Or as Jude writes in his little book, "Behold, the Lord cometh with ten thousands of His saints" [Jude 14]. He is coming and with Him the visible kingdom. He is coming in the glory of the Father, God the Son and the Son of God. He is coming in the glory of the angels, their Prince and the leader of the hosts of heaven. He is coming in the glory of the church, the Groom with the bride. He is coming in His own glory as the Son of God, as the Son of Abraham, as the Son of David, as the Son of Man, the virgin-born Man, the Crucified Man, the risen Man, the ascended Man, the Coming King, the Lord God Pantokrator. He is coming to be King of Israel. He is coming to be King of the nations. He is coming to be King of all the kings and the Lord of all the lords. He is coming to be the re-Creator and the restorer of this earth.
Then shall be brought to pass all of the marvelous prophesies in God’s Book, and how glorious they are. "They shall beat their swords into plowshares, and their spears into pruninghooks: nation shall not lift up sword against nation" – neither shall there be any Vietnams or any North Koreas or any World War ones or World War twos. "neither shall there be war anymore" [Isaiah 2:4].
For the wolf shall dwell with the lamb, and the leopard shall lie down with the kid;
And the lion shall eat straw like the ox.
They shall not hurt nor destroy in all God’s holy mountain: for the earth shall be full of the knowledge, and the glory, and the wonder, and the mercy, and the salvation, and the reality, and the presence of God, as the waters cover the sea.
[Isaiah 11:6-7, 9]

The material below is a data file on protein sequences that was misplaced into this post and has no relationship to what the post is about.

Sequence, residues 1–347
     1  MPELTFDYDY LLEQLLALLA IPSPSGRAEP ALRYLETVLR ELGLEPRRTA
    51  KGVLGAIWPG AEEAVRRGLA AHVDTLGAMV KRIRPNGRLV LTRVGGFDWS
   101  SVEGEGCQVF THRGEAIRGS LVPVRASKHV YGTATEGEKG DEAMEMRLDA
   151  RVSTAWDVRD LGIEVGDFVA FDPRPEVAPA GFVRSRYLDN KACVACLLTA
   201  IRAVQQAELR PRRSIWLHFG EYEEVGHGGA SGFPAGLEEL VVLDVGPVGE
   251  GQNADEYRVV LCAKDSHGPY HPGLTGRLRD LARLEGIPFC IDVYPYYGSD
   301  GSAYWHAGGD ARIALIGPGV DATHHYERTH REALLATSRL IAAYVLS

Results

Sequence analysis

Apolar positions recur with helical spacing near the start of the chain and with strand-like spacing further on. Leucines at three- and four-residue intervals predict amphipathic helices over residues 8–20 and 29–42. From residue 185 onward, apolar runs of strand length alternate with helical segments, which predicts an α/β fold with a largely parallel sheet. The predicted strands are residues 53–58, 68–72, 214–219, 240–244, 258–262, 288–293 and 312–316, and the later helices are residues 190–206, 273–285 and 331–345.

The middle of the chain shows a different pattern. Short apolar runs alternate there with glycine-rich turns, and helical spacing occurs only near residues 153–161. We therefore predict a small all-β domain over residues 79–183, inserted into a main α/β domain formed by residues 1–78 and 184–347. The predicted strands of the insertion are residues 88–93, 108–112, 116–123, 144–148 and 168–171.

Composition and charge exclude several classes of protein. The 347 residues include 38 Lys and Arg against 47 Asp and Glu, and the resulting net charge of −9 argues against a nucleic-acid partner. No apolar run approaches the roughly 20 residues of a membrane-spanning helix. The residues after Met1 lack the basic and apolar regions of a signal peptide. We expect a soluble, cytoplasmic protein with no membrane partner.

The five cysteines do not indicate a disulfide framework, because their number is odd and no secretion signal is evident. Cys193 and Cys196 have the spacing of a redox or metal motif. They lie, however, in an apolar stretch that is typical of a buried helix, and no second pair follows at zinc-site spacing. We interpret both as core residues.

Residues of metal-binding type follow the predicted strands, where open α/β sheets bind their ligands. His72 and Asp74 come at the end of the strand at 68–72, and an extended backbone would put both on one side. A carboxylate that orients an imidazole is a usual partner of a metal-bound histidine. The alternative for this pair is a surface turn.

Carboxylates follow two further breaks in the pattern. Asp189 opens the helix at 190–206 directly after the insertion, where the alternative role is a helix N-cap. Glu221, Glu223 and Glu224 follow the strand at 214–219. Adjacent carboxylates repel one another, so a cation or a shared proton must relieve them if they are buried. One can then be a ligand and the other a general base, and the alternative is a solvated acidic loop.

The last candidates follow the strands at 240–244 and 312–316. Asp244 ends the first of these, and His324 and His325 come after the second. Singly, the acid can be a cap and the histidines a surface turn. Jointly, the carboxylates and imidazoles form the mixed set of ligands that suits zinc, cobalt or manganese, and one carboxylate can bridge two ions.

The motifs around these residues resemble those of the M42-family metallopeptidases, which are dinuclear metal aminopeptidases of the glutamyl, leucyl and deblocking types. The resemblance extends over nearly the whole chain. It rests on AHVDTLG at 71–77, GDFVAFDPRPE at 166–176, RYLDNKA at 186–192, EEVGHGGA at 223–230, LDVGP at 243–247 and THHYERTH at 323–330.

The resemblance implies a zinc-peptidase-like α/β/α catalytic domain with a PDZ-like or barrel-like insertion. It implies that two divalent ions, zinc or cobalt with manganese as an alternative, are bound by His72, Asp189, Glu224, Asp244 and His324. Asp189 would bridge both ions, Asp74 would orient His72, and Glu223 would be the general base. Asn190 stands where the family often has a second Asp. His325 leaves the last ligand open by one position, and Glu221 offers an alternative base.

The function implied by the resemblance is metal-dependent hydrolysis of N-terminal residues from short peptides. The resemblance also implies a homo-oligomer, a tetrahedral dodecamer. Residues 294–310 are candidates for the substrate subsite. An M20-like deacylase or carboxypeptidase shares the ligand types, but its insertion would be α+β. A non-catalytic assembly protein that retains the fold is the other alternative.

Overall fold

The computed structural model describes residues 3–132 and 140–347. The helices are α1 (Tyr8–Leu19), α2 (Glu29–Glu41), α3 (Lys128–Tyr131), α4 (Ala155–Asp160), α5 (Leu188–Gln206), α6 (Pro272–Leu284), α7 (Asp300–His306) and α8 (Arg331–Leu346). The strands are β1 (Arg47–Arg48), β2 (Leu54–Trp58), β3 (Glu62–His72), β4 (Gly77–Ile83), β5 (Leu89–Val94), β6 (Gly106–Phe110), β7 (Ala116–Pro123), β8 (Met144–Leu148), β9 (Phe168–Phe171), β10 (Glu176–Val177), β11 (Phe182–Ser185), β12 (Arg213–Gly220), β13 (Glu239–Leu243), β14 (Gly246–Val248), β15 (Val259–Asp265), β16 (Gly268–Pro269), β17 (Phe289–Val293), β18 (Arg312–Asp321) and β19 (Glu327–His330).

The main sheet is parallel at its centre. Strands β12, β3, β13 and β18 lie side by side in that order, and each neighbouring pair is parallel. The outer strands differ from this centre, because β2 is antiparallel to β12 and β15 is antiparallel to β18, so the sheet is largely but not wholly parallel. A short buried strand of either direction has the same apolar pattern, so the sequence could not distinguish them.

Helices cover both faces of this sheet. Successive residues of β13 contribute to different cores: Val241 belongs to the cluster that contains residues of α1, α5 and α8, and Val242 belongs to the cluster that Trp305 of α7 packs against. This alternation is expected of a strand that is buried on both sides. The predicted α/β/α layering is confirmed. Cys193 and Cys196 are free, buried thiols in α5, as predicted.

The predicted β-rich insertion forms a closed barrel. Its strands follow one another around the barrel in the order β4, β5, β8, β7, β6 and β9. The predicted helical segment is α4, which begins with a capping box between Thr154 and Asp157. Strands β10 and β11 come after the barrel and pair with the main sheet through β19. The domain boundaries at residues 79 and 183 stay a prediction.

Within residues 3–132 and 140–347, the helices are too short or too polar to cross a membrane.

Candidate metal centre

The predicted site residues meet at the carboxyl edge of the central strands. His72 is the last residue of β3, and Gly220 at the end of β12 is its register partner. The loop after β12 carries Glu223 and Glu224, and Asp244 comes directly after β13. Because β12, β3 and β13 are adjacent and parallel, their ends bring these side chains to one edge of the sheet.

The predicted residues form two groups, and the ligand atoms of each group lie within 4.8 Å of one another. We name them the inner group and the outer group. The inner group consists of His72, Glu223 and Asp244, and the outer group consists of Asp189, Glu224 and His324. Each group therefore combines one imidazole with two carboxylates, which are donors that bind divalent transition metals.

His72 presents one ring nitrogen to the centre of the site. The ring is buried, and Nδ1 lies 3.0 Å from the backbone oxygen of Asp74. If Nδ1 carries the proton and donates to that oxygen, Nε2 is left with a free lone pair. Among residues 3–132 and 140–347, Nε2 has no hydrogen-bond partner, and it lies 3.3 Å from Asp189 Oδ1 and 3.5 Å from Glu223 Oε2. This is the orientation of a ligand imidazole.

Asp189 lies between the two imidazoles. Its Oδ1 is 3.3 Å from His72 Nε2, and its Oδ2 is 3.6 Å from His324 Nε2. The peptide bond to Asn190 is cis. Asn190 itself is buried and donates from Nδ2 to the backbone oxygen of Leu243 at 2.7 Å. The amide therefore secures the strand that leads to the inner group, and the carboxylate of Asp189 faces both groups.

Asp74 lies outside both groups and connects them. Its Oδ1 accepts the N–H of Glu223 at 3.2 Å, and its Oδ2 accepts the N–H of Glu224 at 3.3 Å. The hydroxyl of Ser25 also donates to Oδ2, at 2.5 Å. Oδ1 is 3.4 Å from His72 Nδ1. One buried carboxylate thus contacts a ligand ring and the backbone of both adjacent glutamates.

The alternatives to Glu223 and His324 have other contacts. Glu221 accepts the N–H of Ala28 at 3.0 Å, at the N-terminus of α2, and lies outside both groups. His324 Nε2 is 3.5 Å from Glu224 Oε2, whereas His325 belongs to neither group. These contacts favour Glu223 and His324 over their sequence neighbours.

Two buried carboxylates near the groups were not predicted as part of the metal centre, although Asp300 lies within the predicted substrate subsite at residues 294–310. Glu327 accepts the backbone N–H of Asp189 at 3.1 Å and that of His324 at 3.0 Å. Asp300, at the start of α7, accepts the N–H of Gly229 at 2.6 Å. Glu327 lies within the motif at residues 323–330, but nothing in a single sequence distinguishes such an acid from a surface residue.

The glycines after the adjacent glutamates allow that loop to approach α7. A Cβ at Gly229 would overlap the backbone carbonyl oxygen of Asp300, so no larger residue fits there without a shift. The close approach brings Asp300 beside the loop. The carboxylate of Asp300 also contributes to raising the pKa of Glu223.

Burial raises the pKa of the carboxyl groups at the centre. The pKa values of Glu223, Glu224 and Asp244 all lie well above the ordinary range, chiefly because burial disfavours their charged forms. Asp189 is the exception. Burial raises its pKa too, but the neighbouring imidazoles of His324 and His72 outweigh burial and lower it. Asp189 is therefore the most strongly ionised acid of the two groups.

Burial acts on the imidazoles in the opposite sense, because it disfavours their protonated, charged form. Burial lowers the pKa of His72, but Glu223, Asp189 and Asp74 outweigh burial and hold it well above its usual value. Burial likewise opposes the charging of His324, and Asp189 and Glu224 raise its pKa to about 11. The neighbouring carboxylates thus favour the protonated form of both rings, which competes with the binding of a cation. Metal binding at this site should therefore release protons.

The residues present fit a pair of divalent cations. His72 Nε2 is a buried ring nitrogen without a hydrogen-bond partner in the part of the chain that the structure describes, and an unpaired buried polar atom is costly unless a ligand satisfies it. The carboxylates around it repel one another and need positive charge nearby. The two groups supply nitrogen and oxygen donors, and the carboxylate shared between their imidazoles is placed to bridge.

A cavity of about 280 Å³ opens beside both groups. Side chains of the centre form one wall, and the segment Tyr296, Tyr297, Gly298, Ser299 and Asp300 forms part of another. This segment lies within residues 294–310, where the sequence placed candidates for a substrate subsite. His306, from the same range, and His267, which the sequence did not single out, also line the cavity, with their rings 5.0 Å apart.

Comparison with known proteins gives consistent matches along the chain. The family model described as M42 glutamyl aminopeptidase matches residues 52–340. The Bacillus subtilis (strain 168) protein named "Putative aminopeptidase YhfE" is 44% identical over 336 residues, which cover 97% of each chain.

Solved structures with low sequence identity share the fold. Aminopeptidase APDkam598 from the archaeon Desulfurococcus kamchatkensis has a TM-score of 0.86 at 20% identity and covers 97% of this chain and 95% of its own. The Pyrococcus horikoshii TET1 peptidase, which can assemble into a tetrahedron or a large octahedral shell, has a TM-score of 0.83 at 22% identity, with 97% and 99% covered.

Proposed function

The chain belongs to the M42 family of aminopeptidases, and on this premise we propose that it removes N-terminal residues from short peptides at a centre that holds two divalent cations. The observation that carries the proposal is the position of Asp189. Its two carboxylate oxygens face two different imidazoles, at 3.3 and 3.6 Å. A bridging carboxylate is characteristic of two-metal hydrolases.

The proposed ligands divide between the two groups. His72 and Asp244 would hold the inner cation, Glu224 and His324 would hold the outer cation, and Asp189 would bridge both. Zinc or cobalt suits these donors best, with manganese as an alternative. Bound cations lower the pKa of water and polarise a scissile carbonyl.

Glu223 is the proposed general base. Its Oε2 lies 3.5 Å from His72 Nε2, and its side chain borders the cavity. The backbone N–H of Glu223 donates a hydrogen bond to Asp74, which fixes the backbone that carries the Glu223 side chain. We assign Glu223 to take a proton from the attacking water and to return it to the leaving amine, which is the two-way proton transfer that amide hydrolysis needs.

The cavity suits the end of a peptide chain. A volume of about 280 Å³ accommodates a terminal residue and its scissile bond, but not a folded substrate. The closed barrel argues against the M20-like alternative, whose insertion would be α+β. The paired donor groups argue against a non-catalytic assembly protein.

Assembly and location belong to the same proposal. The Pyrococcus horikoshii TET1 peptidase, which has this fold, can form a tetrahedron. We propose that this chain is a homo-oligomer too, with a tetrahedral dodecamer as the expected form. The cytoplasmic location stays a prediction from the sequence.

"Art Thou a king? Yea, Thou sayest that I am a king. To this end was I born, and for this cause came I into the world" [John 18:37]; the coming King.
Oh, what a marvelous, incomparable celebration, this time of the year. Had you been the magi from the east, would you have bowed down at that manger? Would you have worshipped at that little place where a tiny baby lay? This Child is the promised King of the world. This little Child is the Prince of the host of heaven. And this precious Baby shall be exalted above all time, through all eternity; this is the Lord and Savior of our souls.
Oh, what a wondrous miracle has God brought before our very eyes. Let us sing of it. Let us preach about it. Let us speak of it. Let us rejoice in it. Let us love God for it. Let us give Him not only silver, and gold, and frankincense, and myrrh, but the love of our lives, the service of our days, the commitment of our every tomorrow.
And while we sing our hymn of appeal, somebody you, to give himself to Jesus, you come and stand by me. A family you, into the fellowship of the church, a couple you, however God shall say the word and shall lead in the way, make it this morning. Make it now. Upon the first note of the first stanza, come. Unless it is an emergency, nobody leave, not now. I will give you opportunity, in plenty of time, to leave. But all of us stand in a moment and sing this invitation, this appeal.
All hail the power of Jesus name!
Let angel’s prostrate fall;
Bring forth the royal diadem,
And crown Him Lord of all.
[from All Hail the Power of Jesus’ Name by James Ellor, 1838]
And while all of us in a moment stand to sing that diadem song, crowning Jesus the Lord of all, to give your heart to Him, to put your life with us in the fellowship of this dear church, while we sing this hymn of adoration, come. Come. And God bless you in the way, while we stand and while we sing.